The May meeting of the Birmingham Guild of Weavers, Spinners & Dyers included a talk by textile and knit designer Alison Ellen ‘Stitch-led design: shaping knitting with stitches and knitting in different directions‘. A few examples of Alison’s designs, which were on display at the meeting, are below.
Cotswold, Coventry, Birmingham, Worcester & Stratford Guilds held a Guilds Together event in Kings Sutton, Banbury on 01 October.
Each of the five Guilds displayed their crafts on an exhibition table on the theme of a season, manned a sales table, and contributed to the organisation of the day.
Attendees heard from two speakers. Betsan Corkhill spoke on the therapeutic benefits of knitting and craft. More information is available on Bethan’s Stitchlinks website. The second speaker, Karen Fanzo, talked about creating art books and exploring new crafts.
During 2015, the Birmingham Guild of Weavers, Spinners & Dyers ran a year-long natural dyeing project with Winterbourne House, a local museum. The Guild regularly collaborates with Winterbourne, including demonstrating our crafts in the house on the forth Tuesday of each month.
Each month during 2015, the gardeners at Winterbourne provided plant material (flower heads, bark, leaves, etc.) which guild members tested for their natural dye properties.
To explore the varied colours that can be achieved through the use of mordants and modifiers, eights small skeins of wool were treated with each dye (the first seven of which were pre-mordanted with alum):
- basic colour;
- light fastness test (kept by a window after dyeing);
- acid modifier (vinegar);
- alkaline modifier (diluted washing soda);
- iron modifier (created by soaking rusty nails in water & distilled vinegar);
- Over-dyed with madder;
- Over-dyed with woad;
- copper mordant (in place of alum)
The results of the project are on display in the Coach House Gallery at Winterbourne until 25th April.
The dedicated project blog provides more information, includes the results of each month’s dyeing day.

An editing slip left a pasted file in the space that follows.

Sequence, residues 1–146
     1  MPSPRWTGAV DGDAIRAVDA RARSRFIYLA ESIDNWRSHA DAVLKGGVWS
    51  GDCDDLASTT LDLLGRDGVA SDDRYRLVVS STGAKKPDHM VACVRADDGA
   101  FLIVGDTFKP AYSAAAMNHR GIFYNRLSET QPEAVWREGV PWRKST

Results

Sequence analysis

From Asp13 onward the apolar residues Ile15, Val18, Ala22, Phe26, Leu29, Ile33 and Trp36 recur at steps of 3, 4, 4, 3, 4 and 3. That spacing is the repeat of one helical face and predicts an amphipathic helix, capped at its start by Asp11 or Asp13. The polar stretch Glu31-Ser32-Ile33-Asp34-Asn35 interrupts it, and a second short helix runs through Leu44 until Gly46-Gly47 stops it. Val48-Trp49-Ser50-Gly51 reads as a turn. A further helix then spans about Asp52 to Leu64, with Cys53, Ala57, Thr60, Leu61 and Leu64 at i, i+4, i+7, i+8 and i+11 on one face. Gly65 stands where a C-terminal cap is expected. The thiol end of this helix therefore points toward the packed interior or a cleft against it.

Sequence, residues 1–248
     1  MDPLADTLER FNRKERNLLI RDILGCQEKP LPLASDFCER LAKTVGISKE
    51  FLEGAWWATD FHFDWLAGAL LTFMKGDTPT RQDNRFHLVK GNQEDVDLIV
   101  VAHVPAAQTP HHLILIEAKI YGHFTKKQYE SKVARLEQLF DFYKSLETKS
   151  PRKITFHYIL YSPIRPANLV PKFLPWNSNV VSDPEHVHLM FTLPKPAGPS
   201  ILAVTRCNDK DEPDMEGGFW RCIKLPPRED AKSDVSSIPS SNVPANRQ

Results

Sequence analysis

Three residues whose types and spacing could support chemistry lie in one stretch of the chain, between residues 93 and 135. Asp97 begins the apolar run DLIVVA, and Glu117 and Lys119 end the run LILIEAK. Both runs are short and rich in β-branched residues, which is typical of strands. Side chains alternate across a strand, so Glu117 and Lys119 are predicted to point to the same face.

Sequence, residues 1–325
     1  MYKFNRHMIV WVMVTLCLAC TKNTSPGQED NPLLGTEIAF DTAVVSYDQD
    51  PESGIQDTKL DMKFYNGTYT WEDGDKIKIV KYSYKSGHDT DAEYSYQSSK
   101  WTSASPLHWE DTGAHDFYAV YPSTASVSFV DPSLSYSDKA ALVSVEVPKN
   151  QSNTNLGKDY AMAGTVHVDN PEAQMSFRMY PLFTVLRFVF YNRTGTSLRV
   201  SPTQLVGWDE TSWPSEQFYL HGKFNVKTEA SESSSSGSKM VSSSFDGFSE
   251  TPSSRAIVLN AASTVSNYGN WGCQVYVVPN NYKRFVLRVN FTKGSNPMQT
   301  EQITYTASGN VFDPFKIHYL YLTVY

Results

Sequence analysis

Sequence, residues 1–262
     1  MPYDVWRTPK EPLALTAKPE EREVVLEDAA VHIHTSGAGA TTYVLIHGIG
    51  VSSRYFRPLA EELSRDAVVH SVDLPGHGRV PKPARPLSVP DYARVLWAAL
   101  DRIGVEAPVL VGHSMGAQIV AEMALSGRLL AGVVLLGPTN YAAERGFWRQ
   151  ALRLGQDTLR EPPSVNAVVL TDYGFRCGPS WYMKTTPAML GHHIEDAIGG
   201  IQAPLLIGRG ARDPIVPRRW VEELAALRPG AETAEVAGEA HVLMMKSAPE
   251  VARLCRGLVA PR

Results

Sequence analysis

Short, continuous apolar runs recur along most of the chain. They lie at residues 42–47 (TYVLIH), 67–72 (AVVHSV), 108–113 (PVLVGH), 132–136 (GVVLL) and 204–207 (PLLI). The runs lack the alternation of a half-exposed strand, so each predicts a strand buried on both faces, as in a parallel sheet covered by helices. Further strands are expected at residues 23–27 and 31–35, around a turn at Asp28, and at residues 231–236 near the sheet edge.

Alongside skeins showcasing the colours achieved from each plant material, the exhibition contains a selection of projects created by Guild members. These projects showcase weaving, spinning, dyeing, knitting and felting – and the wool and silk used in the projects was also largely dyed with plants from Winterbourne garden.
Wet Felted Seed Pods by Gill Ambler
Made using shetland sheep fibre dyed with liquidambar styraciflua and chamomile from Winterbourne garden.
Hitofude Cardigan by Wendy Simpson
Made with wool from the Welsh Wool Museum, which had been combed and carded on an old machine. The wool was spun by Wendy and dyed using plants from Winterbourne garden, plied with a metallic thread. The colour scheme was based on a photo of Autumn leaves in a local park. The knitting pattern used is by Hiroko Fukatsu, and the name means ‘single brush stroke’ in Japanese. It was all worked in one piece.
Winterbourne Sunset by Sarah Cage
Weaving, and machine and hand embroidery using naturally dyed yarn and fabrics. The silk for the flowers in the foreground was dyed using plants from Winterbourne garden.
Chamomile Flower Cascade
Winterbourne houses the national collection of anthemis (a genus which includes dyers chamomile). Yarn dyed with chamomile from the garden was used by Guild members to knit and crochet the flower heads below. The knitting and crochet patterns used were also designed by Guild members.
Woven Rug by Kate Batchelor
Rug made with roving, dyed with plants from Winterbourne garden.
Knitted Seed Pods by Carolyn Arber
Wool dyed with plants from Winterbourne garden. Each ‘pod’ is knitted in one piece to form a three-dimensional shape.
Visitors to the exhibition have been leaving some lovely comments in the visitor book. One visitor, Val, even composed a poem about trying spinning on a wheel while visiting the exhibition:
Thoughts on joining a Spinning class ! ..or.. Is this what they do at the Gym ??
I wonder …if I learn to ‘spin’…
Will it help me to get thin?!…
I tried to ‘treadle’ as fast as I could…
on the foot plate made of wood..!!
The wheel whizzed round and round and round…
Then changed direction and slid o’er the ground!!!
And ‘Drafting’ required such concentration…
WHAT happened to my co-ordination???!!!
Is the Gym as cold as that ‘barn’….or…
Were you just spinning me a yarn.
You can visit the exhibition for free in the Coach House Gallery at Winterbourne until 25th April.